Referring again to FIG. 5A, a method in accordance with the present invention may also include the step 92 of comparing a first sample time with a second sample time to obtain a time comparison value Tc indicative of a change in position of rotor 22 and, therefore, whether or not rotor 22 is locked. In particular, step 92 may include the substep of subtracting one of the first and second sample times from another of the first and second sample times. In the first embodiment of the present invention, time comparison value Tc may be indicative of a locked rotor 22 where time comparison value Tc indicates that the difference between the two sample times t1 and t2 is relatively low. Because sample times t1 and t2 are obtained during the same phase interval 76 in the first embodiment--and the current rise or fall times t1 and t2 should vary during a single phase interval 76 if rotor 22 is in motion (as described hereinabove with reference to FIGS. 4A and 4B and illustrated in FIG. 6A)--a small difference between sample times t1 and t2 may indicate a locked rotor 22. In the second embodiment of the present invention, time comparison value Tc may be indicative of a locked rotor 22 where time comparison value Tc indicates that the difference between sample times t1 and t2 is relatively high. Because sample times t1 and t2 are obtained during corresponding sampling intervals 78, 88 in distinct phase intervals 76, 90 in the second embodiment--and the current rise or fall times t1 and t3 should be relatively equal during such corresponding sampling intervals 78, 88 if rotor 22 is in motion (as illustrated in FIGS. 6A and 6F)--a large difference between sample times t1 and t3 may indicate a locked rotor 22.

Finally, a method in accordance with the present invention may also include the step 94 of comparing time comparison value Tc to a predetermined reference value TREF indicative of a locked rotor 22. Because of variations in the time of measurement and other factors, the difference between two sampling times reflected in time comparison value Tc may not always be sufficient to indicate a locked rotor 22. Accordingly, reference value TREF may be used to indicate whether the relative difference or equality shown by time comparison value Tc is indicative of a locked rotor 22. In the first embodiment of the invention, step 94 may then include the substep of determining whether the absolute value of time comparison value Tc is greater than reference value TREF. If the absolute value of time comparison value Tc is less than reference value TREF, then rotor 22 may be stationary or locked. In the second embodiment of the invention, step 94 may include the substep of determining whether the absolute value of time comparison value Tc is less than reference value TREF. If the absolute value of time comparison value Tc is greater than reference value TREF, then rotor 22 may be stationary or locked.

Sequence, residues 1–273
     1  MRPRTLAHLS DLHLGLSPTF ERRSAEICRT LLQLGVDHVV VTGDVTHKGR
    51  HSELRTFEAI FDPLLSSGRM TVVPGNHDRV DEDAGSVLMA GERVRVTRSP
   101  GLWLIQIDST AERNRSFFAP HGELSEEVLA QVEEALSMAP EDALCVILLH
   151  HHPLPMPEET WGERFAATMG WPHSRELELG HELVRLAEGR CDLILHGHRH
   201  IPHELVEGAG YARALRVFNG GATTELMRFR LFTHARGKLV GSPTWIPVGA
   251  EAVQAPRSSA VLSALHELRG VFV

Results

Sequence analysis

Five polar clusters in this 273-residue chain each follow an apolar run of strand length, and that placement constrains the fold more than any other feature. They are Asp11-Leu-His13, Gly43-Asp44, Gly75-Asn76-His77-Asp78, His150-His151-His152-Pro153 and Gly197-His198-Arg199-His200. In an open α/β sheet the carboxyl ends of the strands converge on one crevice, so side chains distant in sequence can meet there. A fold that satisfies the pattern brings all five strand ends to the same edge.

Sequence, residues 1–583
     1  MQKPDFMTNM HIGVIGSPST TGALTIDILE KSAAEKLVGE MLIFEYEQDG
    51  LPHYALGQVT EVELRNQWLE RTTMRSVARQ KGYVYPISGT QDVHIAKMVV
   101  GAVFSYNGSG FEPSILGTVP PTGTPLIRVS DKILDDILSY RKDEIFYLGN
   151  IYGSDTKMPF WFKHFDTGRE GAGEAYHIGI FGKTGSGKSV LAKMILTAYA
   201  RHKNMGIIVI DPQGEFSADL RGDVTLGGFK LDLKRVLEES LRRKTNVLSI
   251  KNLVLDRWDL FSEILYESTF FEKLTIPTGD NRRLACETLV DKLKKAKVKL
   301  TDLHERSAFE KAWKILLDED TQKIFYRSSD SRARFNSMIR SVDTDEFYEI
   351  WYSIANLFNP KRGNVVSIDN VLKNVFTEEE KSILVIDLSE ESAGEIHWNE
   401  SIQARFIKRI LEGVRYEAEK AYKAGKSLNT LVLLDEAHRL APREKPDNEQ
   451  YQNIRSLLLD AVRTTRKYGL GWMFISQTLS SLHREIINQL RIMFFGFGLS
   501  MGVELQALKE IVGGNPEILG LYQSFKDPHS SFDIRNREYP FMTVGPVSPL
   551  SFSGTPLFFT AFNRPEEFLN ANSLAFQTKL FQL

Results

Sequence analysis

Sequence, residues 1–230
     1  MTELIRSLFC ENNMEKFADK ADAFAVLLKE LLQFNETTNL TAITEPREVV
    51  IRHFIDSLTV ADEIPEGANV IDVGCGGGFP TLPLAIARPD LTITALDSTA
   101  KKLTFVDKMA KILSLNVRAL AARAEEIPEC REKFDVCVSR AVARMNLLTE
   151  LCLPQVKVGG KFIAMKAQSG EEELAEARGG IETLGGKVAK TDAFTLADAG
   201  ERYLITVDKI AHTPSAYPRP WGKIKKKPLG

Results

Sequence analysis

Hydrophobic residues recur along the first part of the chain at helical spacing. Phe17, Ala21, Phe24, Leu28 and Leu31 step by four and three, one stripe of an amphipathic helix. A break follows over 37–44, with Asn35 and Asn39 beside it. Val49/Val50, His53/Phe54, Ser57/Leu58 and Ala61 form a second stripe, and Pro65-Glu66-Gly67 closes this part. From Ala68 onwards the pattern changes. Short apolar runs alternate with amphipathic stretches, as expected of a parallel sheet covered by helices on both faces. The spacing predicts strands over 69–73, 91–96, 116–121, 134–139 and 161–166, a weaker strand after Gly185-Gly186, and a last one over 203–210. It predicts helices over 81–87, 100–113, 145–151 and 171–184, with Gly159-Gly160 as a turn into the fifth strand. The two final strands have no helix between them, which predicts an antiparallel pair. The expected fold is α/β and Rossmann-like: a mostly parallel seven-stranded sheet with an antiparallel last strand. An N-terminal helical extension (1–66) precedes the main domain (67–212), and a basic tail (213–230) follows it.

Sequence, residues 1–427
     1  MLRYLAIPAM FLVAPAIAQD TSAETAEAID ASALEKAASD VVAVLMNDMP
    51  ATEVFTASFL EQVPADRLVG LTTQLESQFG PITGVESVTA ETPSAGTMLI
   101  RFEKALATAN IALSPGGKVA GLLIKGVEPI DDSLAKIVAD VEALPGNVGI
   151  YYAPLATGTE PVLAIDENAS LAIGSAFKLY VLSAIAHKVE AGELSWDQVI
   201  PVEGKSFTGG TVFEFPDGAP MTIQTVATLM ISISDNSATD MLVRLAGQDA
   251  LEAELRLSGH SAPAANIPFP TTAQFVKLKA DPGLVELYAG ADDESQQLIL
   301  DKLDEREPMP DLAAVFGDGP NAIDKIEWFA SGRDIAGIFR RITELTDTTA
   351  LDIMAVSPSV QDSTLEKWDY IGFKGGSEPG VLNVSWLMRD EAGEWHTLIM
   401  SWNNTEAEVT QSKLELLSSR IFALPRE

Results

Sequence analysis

Steps 72, 92, and 94 of the inventive method may be repeated a plurality of times to continuously verify the status of rotor 22. In either embodiment of the invention, sample times may be repeatedly compared to the first measured sample time t1 or to a more recent and previous sample time.